Paul Bongiorno: Toxic immigration debate to dog government into next year

Embroiled in the controversy of criminals release from detainment under court order, Anthony Albanese has promised a sweeping review of immigration policies.

Embroiled in the controversy of criminals release from detainment under court order, Anthony Albanese has promised a sweeping review of immigration policies. Photo: TND/Getty

If Anthony Albanese believed in Santa Claus there is no doubt top of his Christmas wish list would be the end of the unedifying stoush over immigration detention.

But it is his government’s panicked response to the High Court which has guaranteed this will not happen.

Already, before the Parliament debates a new law to set up a community safety scheme of preventative detention, its first effort criminalising breach of visa conditions faces two High Court challenges that will be heard next year.

One of them argues that requiring an ankle bracelet is a punitive restriction of freedom and amounts to a continuation of indefinite detention.

So paranoid is Labor over border security and the thought of a new armada of boat people, it capitulated to Peter Dutton’s original demands to legislate some way around the court’s release of what he called a cohort of “hard-core criminals” – paedophiles, wife beaters, murderers and a contract killer.

Instead of tackling head-on Dutton’s confected emergency, Home Affairs Minister Clare O’Neil gave it credence by saying if she had her way all would remain in detention – she made no distinction between the most unsavoury types and those who had committed no crime at all.

Legal risk

It was always legally risky passing any sort of legislation before the High Court released the reasons for its unanimous decision providing guardrails for the Parliament.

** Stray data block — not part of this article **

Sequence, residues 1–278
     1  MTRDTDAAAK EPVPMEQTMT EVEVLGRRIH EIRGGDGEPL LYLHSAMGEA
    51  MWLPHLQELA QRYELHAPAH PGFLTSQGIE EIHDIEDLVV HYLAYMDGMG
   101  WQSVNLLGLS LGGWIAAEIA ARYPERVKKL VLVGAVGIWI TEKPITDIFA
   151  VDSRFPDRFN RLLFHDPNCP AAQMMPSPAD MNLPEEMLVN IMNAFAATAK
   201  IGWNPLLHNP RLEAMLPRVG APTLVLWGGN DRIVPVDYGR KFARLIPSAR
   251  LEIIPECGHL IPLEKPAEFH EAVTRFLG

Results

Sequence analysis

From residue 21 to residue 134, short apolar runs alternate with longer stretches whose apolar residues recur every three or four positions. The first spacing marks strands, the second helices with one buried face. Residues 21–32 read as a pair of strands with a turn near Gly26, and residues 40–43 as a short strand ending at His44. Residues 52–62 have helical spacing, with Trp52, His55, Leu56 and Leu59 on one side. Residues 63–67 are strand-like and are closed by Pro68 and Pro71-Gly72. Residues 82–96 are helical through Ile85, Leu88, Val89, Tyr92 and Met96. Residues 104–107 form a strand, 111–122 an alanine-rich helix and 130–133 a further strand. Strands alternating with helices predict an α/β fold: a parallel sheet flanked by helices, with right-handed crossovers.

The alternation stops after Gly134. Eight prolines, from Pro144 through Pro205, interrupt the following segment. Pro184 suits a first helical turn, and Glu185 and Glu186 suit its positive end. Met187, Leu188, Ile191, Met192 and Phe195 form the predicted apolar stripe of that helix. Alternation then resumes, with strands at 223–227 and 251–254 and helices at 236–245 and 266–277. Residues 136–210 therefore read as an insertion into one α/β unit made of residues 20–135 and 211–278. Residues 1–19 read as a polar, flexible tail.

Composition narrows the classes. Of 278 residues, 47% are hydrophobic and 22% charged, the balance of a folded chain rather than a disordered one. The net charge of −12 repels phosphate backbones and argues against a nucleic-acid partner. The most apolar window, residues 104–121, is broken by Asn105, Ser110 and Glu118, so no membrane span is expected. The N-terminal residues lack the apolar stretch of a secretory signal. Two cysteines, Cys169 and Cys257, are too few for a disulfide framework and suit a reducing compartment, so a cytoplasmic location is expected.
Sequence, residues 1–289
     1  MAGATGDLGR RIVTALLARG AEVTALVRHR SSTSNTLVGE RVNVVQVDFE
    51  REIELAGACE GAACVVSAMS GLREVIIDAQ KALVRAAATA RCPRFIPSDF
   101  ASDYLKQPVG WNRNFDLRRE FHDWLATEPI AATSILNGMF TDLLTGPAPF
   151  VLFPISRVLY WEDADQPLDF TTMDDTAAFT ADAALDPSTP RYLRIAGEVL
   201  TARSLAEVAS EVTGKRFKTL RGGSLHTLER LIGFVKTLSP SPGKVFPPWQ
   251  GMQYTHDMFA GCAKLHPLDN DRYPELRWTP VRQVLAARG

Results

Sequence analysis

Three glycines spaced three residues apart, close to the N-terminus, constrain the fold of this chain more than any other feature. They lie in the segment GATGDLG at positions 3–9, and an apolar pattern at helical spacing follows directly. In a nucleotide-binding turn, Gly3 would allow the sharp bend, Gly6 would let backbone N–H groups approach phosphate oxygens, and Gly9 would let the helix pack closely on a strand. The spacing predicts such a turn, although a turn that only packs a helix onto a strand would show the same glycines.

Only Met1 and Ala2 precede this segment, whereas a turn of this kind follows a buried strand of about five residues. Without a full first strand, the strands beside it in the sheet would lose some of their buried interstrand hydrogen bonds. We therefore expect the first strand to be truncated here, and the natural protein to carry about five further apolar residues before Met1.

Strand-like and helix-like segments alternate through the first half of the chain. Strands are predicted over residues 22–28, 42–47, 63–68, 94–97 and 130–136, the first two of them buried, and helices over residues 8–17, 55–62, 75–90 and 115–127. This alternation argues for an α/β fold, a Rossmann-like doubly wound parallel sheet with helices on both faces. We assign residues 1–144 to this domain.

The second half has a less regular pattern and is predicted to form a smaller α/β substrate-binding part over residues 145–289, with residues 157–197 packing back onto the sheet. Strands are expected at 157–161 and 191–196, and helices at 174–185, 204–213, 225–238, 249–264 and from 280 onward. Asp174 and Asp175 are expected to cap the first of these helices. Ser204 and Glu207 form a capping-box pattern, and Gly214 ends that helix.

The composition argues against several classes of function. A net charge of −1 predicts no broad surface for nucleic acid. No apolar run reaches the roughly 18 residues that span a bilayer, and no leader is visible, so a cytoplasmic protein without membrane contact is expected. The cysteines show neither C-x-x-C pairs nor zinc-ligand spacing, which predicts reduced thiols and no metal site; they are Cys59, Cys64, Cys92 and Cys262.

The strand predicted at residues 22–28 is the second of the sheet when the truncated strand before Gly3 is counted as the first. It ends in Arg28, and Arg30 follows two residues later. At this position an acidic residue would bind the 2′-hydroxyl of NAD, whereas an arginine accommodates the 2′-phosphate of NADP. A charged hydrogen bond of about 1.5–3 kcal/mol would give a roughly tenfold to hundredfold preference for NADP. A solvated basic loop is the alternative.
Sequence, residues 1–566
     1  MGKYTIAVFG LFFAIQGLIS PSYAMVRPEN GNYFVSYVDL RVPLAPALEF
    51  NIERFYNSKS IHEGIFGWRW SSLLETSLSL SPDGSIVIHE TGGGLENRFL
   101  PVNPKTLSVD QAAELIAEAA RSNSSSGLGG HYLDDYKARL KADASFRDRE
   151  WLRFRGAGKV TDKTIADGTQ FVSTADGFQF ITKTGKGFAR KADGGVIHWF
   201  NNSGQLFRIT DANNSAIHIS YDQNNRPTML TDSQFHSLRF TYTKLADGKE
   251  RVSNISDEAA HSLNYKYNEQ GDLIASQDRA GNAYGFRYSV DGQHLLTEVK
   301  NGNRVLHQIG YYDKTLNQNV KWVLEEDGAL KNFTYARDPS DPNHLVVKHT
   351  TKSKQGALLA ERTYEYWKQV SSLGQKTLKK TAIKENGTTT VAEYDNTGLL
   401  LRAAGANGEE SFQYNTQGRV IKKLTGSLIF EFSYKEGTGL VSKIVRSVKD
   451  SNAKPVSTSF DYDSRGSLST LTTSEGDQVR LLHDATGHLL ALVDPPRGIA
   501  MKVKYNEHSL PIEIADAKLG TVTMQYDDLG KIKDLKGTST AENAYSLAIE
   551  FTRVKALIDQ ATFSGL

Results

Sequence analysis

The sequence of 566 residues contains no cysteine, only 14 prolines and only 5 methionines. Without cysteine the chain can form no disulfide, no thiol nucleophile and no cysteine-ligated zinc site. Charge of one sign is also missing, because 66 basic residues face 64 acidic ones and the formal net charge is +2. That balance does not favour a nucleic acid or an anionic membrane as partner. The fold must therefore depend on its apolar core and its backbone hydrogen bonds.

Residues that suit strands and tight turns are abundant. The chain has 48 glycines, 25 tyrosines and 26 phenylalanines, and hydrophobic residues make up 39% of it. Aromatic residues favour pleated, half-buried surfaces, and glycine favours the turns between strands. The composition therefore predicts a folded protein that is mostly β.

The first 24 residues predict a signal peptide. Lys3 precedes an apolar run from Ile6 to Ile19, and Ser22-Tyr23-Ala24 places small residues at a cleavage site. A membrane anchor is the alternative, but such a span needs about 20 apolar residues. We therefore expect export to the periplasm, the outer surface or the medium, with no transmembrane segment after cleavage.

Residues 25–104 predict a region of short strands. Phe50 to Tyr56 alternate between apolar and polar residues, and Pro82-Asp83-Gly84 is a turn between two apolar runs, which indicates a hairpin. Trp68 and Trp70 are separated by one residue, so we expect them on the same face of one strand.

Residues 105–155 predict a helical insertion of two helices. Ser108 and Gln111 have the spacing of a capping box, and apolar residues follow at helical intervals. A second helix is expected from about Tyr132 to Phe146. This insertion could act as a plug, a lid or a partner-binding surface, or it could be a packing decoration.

According to one highly placed government source, all the Albanese cabinet wanted to do was get the issue out of the news as quickly as possible. However, its haste only prolonged the agony with the bill containing two glaring omissions.

Last week the government brought fix-up amendments into the house criminalising breaches of bridging visa conditions for domestic violence perpetrators approaching their victims and for paedophiles going anywhere near a school.

The Opposition voted against these amendments, sparking a heated exchange in last Thursday’s question time that is still exercising many on social media and being raised in radio and TV interviews.

O’Neil said the Opposition led by Peter Dutton “came into the Parliament and voted to protect paedophiles over children”.

She repeated it, “voted to protect paedophiles over children”.

At the request of Dutton and one of his more avid factional mates Michael Sukkar, the Speaker asked O’Neil to withdraw “to assist the house”.

Paranoia evident

She did but the follow up, particularly in large sections of the media, helps explains Labor’s paranoia when it comes to this issue.